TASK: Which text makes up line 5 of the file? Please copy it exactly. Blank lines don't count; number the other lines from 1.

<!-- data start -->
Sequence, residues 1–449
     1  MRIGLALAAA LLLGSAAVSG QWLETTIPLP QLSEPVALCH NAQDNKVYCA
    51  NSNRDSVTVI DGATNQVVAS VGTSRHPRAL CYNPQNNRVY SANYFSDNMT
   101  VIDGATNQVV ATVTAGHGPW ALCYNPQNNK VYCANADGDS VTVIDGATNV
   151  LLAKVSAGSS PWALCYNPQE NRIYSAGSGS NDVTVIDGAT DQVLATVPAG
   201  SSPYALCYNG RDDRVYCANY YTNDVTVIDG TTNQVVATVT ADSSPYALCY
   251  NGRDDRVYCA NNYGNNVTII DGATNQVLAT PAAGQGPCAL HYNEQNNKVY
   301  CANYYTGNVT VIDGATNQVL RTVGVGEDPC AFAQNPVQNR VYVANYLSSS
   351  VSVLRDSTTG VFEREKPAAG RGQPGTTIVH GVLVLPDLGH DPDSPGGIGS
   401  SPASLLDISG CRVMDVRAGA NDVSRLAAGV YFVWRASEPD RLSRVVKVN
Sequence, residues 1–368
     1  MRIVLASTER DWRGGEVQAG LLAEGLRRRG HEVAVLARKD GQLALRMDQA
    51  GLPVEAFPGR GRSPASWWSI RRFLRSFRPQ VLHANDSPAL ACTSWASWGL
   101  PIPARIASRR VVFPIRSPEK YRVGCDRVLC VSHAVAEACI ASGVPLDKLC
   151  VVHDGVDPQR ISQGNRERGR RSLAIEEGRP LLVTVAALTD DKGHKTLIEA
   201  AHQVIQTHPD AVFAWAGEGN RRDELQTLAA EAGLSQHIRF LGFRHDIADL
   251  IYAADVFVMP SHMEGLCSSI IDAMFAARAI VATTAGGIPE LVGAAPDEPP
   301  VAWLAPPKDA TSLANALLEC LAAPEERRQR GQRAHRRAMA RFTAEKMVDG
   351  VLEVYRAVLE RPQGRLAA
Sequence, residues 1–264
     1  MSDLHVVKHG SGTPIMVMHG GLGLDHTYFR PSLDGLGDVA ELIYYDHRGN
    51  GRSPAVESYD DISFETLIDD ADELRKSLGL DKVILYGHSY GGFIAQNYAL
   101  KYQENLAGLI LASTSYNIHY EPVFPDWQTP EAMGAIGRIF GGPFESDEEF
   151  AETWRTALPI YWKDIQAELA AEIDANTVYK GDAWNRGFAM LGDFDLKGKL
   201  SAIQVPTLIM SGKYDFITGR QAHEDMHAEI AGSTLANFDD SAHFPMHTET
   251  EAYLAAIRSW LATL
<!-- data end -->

   151  LLAKVSAGSS PWALCYNPQE NRIYSAGSGS NDVTVIDGAT DQVLATVPAG